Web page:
Human rights watchdog censures police bid to enter its Nepalgunj office

  • National Human Rights Commission terms the action an attack on its independence and autonomy
- BINOD GHIMIRE, Kathmandu

Apr 23, 2019-

Some two weeks after the government decided to endorse an amendment bill to revise the existing act of the National Human Rights Commission, an act that undermines the institution’s authority, a squad of the Nepal Police tried to forcibly enter its regional office in Nepalgunj.

The police were intending to nab a cadre of Netra Bikram Chand-led Nepal Communist Party, Dan Bahadur Fadera, who was released by Banke District Court. The commission’s regional office had given refuge to Fadera after he was released by the court on a general date, following suspicion that the police wanted to arrest him yet again.

He was charged of masterminding a bomb blast, but was later released due to a lack of evidence. The commission said the police team, led by Deputy Superintendent of Police Ramesh Bahadur Singh, threatened their guard and demanded they be let inside the premises to arrest Fadera. The police were barred from stepping into the commission’s premises, but the office is still being picketed to nab the NCP cadre.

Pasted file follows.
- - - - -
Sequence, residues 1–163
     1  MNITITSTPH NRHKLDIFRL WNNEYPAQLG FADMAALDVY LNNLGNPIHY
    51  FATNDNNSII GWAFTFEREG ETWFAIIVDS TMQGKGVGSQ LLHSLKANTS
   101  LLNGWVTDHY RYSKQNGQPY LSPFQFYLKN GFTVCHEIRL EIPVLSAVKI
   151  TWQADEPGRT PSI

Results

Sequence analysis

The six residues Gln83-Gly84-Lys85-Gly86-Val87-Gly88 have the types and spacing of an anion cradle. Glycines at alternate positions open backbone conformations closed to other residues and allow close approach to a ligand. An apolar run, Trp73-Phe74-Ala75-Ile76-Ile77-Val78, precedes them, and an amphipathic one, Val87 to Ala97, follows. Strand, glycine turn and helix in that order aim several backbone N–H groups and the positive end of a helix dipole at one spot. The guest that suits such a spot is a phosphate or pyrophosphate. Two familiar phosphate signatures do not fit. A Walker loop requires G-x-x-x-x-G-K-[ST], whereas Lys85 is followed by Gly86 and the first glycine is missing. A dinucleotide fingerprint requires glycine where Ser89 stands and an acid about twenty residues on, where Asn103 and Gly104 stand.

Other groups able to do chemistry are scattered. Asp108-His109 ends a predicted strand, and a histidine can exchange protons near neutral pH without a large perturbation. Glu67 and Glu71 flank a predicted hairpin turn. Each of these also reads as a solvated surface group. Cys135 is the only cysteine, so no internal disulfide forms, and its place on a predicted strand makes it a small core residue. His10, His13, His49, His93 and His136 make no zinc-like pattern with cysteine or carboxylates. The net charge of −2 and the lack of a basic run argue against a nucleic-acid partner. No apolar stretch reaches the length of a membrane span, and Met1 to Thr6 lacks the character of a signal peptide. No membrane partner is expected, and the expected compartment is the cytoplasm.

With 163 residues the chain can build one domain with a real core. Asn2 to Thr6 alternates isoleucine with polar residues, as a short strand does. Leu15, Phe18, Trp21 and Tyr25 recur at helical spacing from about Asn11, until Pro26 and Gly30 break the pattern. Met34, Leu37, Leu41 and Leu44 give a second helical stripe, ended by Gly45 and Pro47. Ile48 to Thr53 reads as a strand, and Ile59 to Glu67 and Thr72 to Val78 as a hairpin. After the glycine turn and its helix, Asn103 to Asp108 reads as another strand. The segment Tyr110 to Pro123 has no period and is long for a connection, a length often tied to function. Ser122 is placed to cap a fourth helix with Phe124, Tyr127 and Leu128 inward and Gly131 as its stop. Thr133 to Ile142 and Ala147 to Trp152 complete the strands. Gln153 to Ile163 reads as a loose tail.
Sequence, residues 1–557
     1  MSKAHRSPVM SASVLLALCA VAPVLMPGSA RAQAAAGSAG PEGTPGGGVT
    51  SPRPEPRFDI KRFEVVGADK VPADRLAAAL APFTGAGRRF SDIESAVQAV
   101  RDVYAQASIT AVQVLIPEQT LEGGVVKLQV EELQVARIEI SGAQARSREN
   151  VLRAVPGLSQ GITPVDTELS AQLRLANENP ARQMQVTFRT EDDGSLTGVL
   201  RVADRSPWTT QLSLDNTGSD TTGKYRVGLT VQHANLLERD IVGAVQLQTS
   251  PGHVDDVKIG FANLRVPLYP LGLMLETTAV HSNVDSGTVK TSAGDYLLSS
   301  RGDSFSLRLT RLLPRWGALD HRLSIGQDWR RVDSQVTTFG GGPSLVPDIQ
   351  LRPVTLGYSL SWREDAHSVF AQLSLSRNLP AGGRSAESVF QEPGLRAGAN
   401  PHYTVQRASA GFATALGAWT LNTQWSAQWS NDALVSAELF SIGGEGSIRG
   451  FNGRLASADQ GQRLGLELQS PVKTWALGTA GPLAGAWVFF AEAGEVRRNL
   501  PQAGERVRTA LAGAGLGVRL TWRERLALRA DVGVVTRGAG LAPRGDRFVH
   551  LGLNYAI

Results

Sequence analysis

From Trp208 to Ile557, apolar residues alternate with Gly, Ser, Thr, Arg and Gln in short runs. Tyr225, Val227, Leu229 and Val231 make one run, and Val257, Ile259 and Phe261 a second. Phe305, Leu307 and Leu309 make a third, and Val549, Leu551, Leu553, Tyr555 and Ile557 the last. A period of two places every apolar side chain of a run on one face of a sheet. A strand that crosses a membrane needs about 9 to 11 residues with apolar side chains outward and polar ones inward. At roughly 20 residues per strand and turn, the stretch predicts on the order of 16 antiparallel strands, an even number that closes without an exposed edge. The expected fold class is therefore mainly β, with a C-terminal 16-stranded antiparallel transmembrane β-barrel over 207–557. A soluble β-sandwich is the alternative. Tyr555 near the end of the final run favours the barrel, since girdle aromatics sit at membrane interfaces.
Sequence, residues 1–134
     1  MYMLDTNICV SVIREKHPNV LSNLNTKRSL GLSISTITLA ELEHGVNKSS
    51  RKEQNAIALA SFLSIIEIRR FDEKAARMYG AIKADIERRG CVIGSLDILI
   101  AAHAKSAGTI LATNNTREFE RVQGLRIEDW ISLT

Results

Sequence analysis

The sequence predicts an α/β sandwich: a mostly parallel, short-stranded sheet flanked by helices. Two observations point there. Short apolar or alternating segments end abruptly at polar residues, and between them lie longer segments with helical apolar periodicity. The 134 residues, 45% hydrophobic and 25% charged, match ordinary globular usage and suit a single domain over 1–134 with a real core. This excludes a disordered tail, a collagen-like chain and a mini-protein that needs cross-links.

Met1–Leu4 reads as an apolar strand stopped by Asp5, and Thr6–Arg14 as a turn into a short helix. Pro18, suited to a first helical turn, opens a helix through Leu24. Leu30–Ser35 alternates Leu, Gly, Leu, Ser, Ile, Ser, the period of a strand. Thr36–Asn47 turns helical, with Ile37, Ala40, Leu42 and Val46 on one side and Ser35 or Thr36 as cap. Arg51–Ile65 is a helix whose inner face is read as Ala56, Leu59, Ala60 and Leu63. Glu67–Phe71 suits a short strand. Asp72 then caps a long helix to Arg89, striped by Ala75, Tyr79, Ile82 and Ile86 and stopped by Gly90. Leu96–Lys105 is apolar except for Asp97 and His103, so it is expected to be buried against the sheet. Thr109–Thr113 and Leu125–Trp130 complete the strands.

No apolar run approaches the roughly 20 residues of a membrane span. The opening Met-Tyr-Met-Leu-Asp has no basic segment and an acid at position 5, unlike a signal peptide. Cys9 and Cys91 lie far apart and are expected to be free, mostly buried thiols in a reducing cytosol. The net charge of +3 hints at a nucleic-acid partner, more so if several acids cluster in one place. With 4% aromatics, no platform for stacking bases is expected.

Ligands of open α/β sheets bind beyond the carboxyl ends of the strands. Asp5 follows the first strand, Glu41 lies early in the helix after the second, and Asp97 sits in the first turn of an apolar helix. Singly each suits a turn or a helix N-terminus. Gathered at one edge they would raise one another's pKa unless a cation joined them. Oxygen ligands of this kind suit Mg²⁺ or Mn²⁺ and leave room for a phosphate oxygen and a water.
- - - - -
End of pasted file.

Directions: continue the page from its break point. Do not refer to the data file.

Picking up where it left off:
This is just another instance of how the government has been staging one attack after the other on the National Human Rights Commission.

“This is a direct interference in the constitutional independence, autonomy and dignity of the commission,” reads the statement by the commission.

As a consequence of the action of the Nepal Police, the commission has directed the Inspector General of Nepal Police to investigate the incident and take necessary action against Singh. It also has directed the IGP to make sure such incidents are not repeated. Additionally, the body has also asked Chief Administrative Officer in Banke to handover Fadera to his family safely.

The national human rights watchdog also has written to the Prime Minister’s Office, the Home Ministry, the Nepal Police and the District Administration Office Banke seeking their response on the issue.

“The commission draws serious attention of the Nepal government and Nepal Police to ensure rule of law by respecting the decisions from judiciary,” the statement further said.

“This is saddening that the government is taking one after step after the other to blatantly attack the commission,” said Govind Sharma Poudyal, a member of the commission. “An attack on the commission is a direct attack on democracy.”

The commission has already asked the government to withdraw the amendment bill it is planning to table in Parliament that commences on April 29. The Bill to Amend the National Human Rights Commission Act-2012 makes it mandatory for the commission to recommend cases against human rights violators—individuals or institutions—to the attorney general.

Published: 23-04-2019 11:04

User's Feedback

Click here for your comments

Comment via Facebook

Don't have facebook account? Use this form to comment